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The European Journal of Health Economics

pp 1–15

First Online: 13 April 2017Received: 06 June 2016Accepted: 06 April 2017DOI: 10.1007-s10198-017-0893-7

Cite this article as: Melnychuk, M., Solmi, F. & Morris, S. Eur J Health Econ 2017. doi:10.1007-s10198-017-0893-7

Abstract

The objective of disability policy is to create a society where people with disabilities and their families enjoy an equal standard of living to those without disabilities, though evidence to underpin policy is sparse. We defined the compensating variation CV of child disability as the amount of additional income a family with a disabled child would require to achieve the same living standards as a similar family without a disabled child. The aims of this study were to estimate the CV for child disability and to explore how this varied for different levels of disability and reference levels of living standards. Using data on 54,641 families from the Family Resources Survey 2004–2012, we matched families with cases and without controls a disabled child on family and child characteristics plus living standards and calculated the income difference inclusive of disability benefits. Our findings suggest that across families with the most disabled children, a compensating variation equal to an extra £56–£79 a week was required to achieve the same living standards as matched families without a disabled child compared with the mean level of state disability benefit £47–£71 a week in this group.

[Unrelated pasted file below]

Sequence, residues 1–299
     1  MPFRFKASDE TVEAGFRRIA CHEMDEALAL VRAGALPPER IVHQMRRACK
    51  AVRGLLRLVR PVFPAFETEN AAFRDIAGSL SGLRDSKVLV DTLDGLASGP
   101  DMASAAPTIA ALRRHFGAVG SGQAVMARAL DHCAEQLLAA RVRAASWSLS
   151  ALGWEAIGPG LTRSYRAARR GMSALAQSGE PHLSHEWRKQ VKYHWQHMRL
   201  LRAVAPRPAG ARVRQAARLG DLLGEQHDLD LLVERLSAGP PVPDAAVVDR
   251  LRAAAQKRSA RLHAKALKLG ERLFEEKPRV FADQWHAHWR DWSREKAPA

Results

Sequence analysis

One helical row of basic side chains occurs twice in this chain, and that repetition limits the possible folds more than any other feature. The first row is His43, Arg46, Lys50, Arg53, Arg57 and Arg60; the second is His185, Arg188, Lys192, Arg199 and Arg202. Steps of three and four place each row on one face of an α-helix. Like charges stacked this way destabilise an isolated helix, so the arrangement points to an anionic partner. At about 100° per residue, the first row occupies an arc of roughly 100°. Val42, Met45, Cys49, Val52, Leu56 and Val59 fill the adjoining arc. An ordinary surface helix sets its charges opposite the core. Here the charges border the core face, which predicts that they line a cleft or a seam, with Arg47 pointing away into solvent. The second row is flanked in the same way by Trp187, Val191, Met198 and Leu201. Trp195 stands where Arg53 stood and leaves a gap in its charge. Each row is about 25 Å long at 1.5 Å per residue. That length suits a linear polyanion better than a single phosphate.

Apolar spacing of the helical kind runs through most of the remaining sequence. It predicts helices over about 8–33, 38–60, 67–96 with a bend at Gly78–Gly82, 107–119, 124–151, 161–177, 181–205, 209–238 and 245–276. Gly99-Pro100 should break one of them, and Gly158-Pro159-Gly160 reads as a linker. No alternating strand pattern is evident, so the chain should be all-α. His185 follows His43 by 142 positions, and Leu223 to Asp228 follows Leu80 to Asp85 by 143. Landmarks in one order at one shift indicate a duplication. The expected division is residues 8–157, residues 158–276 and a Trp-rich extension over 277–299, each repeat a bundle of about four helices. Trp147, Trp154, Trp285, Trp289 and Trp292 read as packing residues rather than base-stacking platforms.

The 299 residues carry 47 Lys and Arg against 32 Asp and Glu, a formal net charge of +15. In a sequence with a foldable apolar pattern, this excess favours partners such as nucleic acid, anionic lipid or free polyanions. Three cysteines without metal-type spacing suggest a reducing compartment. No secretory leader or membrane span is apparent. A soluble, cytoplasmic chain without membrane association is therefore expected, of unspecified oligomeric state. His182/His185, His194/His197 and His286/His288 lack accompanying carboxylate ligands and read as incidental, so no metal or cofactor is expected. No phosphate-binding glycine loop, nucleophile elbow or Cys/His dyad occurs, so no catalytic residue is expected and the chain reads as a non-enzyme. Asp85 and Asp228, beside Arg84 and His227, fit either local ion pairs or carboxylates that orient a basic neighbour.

KeywordsCompensating variation Child disability Matching Living standards Electronic supplementary materialThe online version of this article doi:10.1007-s10198-017-0893-7 contains supplementary material, which is available to authorized users.

JEL ClassificationC81 D1 I1 J1  Download fulltext PDF



Author: Mariya Melnychuk - Francesca Solmi - Stephen Morris

Source: https://link.springer.com/







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